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FDA Finalizes Action Plan To Prevent Cyclospora Contamination

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The U.S. Food and Drug Administration or FDA, has finalized the cyclospora prevention, response and research action plan in order to help prevent Cyclospora contamination of foods and to help prepare for responding quickly to future outbreaks.

The plan focuses on improving prevention, enhancing response activities and filling knowledge gaps to help prevent Cyclospora contamination of foods. The plan is modeled after the FDA's Leafy Greens Shiga toxin-producing E. coli (STEC) Action Plan.

Cyclosporiasis is a foodborne intestinal illness caused by Cyclospora cayetanensis parasite. The most common symptoms of cyclosporiasis are diarrhea, weight loss, nausea and fatigue.

According to the Centers for Disease Control and Prevention, there have been roughly 6,000 domestically acquired cases of Cyclospora over the last three years. These cases generally rise during the spring and summer, usually in May, June and July.

Though Cyclospora is generally associated with imported produce or travel outside the U.S., it has also been detected in domestically produced foods in recent years. The FDA's first documented Cyclospora in domestically grown produce (cilantro) was in 2018 as part of an ongoing surveillance sampling of fresh herbs.

The FDA also detected Cyclospora in an unused package of the salad mix during investigations into an outbreak. The package contained ingredients that primarily included domestically grown produce.

The FDA then created the Cyclospora Task Force in 2019 to stem the rising case numbers of cyclosporiasis in the U.S. in recent years and the emergence of Cyclospora contamination in domestically grown produce.

This task force formulated the action plan that is now released by the FDA. This action plan will serve as a strategic guide in the prevention of Cyclospora contamination of food.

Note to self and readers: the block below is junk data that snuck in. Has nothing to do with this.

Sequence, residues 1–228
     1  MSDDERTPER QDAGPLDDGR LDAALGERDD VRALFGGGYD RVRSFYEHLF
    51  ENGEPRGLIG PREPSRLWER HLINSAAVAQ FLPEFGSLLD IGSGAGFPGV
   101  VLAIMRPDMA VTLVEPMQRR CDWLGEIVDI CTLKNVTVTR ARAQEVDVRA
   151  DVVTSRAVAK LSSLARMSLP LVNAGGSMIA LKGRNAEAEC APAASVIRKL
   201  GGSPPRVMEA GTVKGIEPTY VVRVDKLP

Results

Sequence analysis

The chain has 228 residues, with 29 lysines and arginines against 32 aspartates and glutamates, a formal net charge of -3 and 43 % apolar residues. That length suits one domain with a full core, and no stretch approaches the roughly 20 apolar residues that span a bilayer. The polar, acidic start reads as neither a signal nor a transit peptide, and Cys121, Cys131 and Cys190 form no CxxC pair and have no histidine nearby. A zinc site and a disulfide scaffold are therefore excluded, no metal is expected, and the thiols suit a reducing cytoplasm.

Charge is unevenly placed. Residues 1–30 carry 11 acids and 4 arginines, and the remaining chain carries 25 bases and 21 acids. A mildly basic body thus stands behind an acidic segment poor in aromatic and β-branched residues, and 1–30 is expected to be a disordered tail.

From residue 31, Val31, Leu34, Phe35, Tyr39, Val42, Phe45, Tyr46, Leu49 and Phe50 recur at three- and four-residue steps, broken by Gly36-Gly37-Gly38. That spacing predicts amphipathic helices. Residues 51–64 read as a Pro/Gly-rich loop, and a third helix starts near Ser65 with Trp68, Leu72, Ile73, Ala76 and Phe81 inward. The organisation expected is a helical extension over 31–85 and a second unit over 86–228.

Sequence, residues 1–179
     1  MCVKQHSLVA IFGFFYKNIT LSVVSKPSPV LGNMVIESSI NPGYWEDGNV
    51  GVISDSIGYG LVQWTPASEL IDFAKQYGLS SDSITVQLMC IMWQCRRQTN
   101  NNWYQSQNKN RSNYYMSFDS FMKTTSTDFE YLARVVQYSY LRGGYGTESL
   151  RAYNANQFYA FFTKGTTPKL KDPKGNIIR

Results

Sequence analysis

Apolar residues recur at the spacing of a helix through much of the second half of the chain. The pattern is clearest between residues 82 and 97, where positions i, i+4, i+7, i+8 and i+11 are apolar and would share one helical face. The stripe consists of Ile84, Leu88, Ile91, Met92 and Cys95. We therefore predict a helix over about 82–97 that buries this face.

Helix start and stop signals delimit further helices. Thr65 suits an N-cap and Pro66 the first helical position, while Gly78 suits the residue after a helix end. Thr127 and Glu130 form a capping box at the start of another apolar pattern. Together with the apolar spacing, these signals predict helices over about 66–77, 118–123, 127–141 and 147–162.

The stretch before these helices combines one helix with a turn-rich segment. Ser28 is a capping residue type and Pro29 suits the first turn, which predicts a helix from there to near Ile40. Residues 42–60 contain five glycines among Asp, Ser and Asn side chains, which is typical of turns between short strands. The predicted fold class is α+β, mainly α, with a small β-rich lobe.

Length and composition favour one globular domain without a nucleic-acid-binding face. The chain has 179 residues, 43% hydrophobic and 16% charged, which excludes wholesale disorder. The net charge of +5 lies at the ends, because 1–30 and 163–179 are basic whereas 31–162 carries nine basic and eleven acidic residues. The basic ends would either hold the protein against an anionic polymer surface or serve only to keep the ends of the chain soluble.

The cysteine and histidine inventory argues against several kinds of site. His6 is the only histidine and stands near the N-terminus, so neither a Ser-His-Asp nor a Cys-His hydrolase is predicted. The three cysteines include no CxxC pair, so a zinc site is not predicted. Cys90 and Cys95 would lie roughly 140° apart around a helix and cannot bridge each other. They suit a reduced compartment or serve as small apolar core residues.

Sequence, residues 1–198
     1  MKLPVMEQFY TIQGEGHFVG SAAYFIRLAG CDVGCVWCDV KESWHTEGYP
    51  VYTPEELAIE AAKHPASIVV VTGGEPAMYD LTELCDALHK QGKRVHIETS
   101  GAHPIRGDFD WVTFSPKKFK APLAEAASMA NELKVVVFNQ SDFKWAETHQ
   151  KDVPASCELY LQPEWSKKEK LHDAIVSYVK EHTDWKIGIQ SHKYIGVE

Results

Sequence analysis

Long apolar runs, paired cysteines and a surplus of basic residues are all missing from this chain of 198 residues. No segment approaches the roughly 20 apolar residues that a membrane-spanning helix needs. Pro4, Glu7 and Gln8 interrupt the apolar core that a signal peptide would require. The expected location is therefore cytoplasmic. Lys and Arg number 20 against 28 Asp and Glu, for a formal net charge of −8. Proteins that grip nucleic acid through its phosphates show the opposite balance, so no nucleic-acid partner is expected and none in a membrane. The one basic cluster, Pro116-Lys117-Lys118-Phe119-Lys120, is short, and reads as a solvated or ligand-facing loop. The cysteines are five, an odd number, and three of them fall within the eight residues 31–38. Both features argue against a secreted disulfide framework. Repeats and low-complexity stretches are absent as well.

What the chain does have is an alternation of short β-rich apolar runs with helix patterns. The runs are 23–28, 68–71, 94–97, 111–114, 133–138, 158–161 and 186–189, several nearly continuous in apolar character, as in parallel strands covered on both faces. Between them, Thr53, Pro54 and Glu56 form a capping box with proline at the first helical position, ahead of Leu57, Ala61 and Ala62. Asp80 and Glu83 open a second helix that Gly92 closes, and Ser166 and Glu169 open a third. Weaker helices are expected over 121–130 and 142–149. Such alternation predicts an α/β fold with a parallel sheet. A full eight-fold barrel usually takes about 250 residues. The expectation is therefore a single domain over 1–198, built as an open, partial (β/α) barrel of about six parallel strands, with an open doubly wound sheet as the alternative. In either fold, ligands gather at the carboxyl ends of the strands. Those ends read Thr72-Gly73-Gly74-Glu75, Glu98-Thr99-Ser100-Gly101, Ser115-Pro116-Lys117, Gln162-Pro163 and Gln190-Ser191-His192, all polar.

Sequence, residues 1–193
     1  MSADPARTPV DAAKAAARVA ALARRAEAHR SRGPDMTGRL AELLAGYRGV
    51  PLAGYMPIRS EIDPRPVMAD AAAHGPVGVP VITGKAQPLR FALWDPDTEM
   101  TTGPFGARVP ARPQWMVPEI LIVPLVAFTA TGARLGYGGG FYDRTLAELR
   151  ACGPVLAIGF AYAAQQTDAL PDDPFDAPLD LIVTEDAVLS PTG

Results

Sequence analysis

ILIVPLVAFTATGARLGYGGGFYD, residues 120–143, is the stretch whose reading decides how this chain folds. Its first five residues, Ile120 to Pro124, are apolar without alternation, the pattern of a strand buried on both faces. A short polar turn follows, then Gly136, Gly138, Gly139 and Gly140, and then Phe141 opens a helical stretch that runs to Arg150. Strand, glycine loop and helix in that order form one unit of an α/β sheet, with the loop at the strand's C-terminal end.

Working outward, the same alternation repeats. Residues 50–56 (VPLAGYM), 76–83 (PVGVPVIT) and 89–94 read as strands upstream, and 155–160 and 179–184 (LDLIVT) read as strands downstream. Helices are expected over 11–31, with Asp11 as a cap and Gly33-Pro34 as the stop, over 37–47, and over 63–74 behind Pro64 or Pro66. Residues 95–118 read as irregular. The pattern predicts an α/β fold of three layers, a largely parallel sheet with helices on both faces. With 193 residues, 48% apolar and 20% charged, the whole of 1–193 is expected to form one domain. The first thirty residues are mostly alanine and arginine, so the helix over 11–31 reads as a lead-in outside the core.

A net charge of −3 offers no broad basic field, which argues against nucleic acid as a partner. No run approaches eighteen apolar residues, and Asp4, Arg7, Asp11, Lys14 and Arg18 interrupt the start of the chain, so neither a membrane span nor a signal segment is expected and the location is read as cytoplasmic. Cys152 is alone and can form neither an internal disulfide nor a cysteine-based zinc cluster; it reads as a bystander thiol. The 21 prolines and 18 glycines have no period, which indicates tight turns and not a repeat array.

As for the area of prevention, the new action plan highlights how it will address the food safety issue through the development and delivery of prevention-focused education materials and outreach to stakeholders.

The FDA will also work with industry to encourage the development of rapid test kits to specifically detect Cyclospora to better facilitate industry testing and root cause analysis activities. It will look for ways to more effectively control Cyclospora in the environment and on farms.

As for the area of response, the plan is focused on expanding laboratory capacity across the FDA, state, foreign partners and academia to sample and test for Cyclospora, providing greater capacity to investigate during outbreak events.

The FDA is also developing a new investigational tool to help guide assessments of farms potentially implicated in a Cyclospora outbreak to determine potential sources and routes of contamination.

The knowledge gaps will be addressed by the FDA by working with CDC to better understand the case distribution of cyclosporiasis across the U.S. and to advance genotyping methods in clinical, food and environmental samples. The FDA also intends to work with industry and academia to better understand the prevalence of Cyclospora in agricultural water.

The will enable the FDA to genetically link clinical cases to food products and environments identified by traceback during an outbreak.

The FDA action plan underscores the importance of collaboration across industry, academia, state, federal and foreign government partners, and other stakeholders to reduce the risks and public health burden caused by foodborne Cyclospora.

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